According to an article in today's Chicago Tribune, workers continue to load up 401(k)'s with company stock. Here are some interesting excerpts from the article.
Despite many Enron workers losing sizable nest eggs when the company went bankrupt--and the constant drumbeat from financial advisers on the benefits of diversification--it appears many employees of large firms are continuing to pack their 401(k) plans with company stock.
In a 2005 report on 401(k) plans by Lincolnshire, Ill.-based Hewitt Associates that looked at more than 2.5 million eligible employees, company stock was the single largest holding for the average participant. Large U.S. equity funds came in second, Hewitt said.
"Familiarity tends to breed complacency," said Christopher Jones, chief investment officer at Financial Engines, a Palo Alto, Calif.-based provider of 401(k) managed accounts. "Employees feel more comfortable with the stock because they know the managers, know the CEO. ... But unlike a mutual fund, individual companies can go bankrupt, like those employees of Enron, WorldCom and Global Crossing" can attest.
Even with blue-chip companies, if you compare the performance of a randomly picked stock from the Standard & Poor's 500 with that of the S&P 500 index over the long term, the index would do better two-thirds of the time, Jones said "If it declines 20 to 25 percent, that's a really bad year for the S&P 500, but individual companies go down 20 percent all the time," he said.
The performance of an individual 401(k) also depends on what is done with the rest of the money. Nevertheless, "It would be more reasonable to hold 5 percent to 10 percent company stock, and spread the rest of the portfolio, and investment risk, across different asset classes," Jones said.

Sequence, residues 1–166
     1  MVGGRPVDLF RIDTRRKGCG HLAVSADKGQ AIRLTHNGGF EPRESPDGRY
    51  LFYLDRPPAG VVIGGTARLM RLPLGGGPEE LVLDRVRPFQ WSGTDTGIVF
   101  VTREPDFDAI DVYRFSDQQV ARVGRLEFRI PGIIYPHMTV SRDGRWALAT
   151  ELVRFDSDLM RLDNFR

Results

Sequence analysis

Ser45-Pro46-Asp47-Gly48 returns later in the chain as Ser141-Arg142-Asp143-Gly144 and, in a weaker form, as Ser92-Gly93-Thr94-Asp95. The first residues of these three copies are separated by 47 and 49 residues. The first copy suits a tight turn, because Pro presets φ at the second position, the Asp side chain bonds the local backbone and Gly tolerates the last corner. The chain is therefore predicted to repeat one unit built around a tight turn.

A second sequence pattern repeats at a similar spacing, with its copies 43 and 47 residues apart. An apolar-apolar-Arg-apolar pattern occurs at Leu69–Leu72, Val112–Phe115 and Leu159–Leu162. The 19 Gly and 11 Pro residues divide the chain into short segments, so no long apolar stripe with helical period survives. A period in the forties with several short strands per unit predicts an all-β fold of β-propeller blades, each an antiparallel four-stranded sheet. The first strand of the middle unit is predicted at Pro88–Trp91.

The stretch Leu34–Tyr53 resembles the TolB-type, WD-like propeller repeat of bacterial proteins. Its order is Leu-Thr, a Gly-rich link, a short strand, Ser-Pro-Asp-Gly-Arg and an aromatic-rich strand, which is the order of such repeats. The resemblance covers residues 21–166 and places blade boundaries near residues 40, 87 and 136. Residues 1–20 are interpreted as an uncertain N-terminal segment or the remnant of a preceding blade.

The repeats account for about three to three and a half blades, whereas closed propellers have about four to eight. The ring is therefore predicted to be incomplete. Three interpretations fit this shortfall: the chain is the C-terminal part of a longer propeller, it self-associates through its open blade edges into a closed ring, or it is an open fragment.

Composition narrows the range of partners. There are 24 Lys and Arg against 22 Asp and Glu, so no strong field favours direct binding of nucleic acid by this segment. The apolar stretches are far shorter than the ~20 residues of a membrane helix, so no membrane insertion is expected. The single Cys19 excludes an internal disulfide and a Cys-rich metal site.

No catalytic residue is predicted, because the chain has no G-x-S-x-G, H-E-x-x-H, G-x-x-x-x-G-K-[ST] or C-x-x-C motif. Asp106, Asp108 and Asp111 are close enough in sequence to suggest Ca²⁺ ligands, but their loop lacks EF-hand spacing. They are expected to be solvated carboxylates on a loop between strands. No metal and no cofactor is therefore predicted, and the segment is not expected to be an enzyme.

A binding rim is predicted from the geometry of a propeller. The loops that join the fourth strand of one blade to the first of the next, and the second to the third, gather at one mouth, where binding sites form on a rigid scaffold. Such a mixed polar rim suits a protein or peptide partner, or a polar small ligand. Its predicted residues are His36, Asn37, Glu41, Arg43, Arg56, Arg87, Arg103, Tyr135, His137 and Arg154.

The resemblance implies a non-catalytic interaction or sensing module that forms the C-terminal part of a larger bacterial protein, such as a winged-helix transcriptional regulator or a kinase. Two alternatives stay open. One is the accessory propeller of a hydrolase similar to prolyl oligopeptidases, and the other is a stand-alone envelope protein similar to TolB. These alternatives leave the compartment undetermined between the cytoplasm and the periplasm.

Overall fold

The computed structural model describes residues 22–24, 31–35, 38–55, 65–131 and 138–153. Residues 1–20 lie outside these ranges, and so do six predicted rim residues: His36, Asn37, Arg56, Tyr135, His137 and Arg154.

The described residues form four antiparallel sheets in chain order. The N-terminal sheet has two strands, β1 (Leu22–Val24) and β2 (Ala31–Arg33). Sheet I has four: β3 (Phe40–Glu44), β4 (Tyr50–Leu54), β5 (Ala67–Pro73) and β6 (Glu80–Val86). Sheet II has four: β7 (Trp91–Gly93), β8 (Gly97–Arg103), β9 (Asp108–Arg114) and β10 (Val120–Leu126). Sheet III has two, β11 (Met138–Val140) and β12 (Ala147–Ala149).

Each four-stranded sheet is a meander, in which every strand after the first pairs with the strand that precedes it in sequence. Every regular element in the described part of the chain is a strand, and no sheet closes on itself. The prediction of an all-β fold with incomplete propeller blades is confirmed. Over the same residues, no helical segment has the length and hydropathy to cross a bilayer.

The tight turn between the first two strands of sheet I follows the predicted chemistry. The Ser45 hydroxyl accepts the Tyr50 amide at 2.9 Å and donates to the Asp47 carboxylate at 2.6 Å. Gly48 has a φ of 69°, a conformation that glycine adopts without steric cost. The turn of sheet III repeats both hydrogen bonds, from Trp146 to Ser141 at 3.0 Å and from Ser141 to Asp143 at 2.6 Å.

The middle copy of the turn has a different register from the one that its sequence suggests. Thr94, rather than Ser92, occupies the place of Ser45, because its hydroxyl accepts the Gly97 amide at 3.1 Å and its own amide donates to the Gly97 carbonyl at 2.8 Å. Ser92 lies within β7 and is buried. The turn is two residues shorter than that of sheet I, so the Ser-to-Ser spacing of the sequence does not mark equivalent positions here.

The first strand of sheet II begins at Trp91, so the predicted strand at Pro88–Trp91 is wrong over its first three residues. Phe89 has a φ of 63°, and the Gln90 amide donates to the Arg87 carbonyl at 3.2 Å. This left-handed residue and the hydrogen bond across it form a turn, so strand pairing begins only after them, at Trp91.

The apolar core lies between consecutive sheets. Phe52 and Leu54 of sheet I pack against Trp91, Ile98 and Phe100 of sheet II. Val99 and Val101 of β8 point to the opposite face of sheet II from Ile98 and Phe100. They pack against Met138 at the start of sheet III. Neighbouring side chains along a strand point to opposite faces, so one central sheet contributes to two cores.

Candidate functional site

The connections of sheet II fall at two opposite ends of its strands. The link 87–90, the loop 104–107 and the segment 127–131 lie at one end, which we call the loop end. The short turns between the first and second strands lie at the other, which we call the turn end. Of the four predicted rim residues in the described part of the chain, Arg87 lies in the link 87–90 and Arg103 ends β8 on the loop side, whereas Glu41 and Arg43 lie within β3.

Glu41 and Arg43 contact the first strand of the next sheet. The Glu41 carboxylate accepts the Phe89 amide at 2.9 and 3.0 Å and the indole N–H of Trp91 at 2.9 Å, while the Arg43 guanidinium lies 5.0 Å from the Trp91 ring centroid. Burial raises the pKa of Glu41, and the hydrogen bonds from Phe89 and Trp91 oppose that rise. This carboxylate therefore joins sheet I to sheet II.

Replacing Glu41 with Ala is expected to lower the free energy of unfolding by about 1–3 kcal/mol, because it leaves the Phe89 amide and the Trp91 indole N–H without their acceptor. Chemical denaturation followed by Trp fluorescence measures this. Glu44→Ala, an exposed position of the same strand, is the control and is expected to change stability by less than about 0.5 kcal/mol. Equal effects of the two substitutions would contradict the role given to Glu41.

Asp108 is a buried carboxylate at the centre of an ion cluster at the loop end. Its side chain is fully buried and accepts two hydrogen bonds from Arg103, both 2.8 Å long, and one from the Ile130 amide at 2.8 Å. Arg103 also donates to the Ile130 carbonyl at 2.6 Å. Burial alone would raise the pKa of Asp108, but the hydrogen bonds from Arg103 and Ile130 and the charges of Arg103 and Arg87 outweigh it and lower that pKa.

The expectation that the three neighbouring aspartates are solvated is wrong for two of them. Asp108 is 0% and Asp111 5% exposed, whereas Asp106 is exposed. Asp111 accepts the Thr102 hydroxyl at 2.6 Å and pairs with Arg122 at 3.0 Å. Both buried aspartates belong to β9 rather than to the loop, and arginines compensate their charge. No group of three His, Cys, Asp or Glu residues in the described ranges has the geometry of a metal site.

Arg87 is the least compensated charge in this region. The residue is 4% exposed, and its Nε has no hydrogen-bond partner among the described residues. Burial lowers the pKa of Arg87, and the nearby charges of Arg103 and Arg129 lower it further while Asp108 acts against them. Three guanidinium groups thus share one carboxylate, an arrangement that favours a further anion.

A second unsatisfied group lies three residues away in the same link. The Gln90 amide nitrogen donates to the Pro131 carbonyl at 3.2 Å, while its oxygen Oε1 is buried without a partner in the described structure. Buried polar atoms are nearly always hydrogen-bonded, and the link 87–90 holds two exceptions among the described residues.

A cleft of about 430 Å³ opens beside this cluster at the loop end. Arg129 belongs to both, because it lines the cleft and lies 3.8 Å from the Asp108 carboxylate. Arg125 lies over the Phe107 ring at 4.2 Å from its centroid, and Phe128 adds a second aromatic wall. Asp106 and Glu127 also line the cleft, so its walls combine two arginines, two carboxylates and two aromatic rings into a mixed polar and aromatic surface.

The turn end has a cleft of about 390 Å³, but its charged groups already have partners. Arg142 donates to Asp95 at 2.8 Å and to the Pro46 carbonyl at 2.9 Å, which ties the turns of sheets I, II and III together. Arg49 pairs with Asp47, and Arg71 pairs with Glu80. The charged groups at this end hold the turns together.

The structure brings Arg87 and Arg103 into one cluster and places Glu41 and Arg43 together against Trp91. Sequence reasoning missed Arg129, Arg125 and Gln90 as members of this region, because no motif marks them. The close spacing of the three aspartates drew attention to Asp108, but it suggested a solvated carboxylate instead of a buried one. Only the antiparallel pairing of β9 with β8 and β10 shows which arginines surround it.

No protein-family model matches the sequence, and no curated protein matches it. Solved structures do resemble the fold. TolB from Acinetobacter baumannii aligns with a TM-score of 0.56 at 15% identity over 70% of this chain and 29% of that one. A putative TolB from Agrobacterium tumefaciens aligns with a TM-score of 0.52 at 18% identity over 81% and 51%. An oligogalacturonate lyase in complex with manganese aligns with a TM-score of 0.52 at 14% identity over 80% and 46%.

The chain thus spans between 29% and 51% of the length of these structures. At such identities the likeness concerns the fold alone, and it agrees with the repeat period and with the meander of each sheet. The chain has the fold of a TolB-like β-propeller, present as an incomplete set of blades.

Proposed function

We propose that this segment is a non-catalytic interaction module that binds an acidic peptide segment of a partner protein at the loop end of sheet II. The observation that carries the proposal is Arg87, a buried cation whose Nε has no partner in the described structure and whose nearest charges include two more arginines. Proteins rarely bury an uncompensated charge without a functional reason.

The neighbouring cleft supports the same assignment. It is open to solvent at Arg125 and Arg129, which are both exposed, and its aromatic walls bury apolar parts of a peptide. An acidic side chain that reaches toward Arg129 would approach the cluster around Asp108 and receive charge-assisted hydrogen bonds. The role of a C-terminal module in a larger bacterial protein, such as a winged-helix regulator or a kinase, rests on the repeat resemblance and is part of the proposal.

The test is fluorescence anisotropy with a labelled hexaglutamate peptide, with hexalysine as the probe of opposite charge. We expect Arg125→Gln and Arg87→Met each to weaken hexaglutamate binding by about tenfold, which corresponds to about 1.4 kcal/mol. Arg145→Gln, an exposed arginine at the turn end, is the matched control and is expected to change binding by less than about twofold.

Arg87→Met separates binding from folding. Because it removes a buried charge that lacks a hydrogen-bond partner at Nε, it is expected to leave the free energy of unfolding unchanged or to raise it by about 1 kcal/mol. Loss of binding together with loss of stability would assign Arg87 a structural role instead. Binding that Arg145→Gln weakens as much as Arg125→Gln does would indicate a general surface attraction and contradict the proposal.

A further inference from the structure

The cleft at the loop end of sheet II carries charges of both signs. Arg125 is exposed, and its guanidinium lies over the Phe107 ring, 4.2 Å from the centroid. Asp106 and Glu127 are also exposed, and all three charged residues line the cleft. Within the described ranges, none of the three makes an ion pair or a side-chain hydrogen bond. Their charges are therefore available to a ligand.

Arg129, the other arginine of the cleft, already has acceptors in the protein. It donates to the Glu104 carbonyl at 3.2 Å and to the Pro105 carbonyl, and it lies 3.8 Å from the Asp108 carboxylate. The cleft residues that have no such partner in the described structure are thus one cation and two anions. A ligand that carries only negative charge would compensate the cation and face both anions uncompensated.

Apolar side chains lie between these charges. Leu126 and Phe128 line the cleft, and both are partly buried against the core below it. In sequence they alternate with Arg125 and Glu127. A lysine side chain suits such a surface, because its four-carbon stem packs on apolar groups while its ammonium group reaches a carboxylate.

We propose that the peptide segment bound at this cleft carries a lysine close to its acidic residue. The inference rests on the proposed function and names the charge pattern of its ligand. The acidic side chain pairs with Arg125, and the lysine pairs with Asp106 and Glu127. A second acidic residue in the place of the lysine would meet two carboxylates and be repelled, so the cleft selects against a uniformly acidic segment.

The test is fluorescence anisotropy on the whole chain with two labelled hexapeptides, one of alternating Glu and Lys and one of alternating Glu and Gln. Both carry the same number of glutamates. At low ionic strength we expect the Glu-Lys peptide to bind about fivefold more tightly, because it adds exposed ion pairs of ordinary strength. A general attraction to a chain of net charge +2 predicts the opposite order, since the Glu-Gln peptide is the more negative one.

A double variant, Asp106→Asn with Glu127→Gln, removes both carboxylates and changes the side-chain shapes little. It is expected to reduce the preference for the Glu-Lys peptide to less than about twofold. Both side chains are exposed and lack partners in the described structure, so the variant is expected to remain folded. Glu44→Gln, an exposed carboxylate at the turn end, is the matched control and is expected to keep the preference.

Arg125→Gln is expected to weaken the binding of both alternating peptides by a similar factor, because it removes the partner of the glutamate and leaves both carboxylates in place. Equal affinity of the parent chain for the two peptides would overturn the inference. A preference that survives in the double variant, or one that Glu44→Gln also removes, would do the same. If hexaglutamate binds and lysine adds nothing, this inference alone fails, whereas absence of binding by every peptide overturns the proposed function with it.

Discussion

For further information on how to approach 401(k) allocations, see NASD's investor learning center at its Web site (www.nasd.com).
I have to confess that I'm kind of surprised by the results of Hewitt survey. In this day and age, it's scary to think that people are investing the bulk of their 401(k) assets in company stock. Even if you subscribe to Warren Buffet's philosophy of concentrating all of your investments in a handful of good companies, the majority of Americans aren't fortunate enough to work for any of the companies that warrant that type of investment. Admittedly, we don't have the full picture on all of these individuals. We don't know for example, whether these individuals have other diversified investments outside of their 401(k) accounts. So perhaps the company stock represents only a small percentage of their entire net worth. And we don't know whether these individuals are being forced to invest in company stock or whether the alternatives are far worse.
However, if you do have a large chunk of your assets invested in company stock and you do have other choices as to where to invest it, please consider reallocating at least some of those funds.
As for me, I do own some company stock, but it represents only 5% of all of my retirement assets and maybe 2% of my entire investment portfolio. So, my exposure is minimal.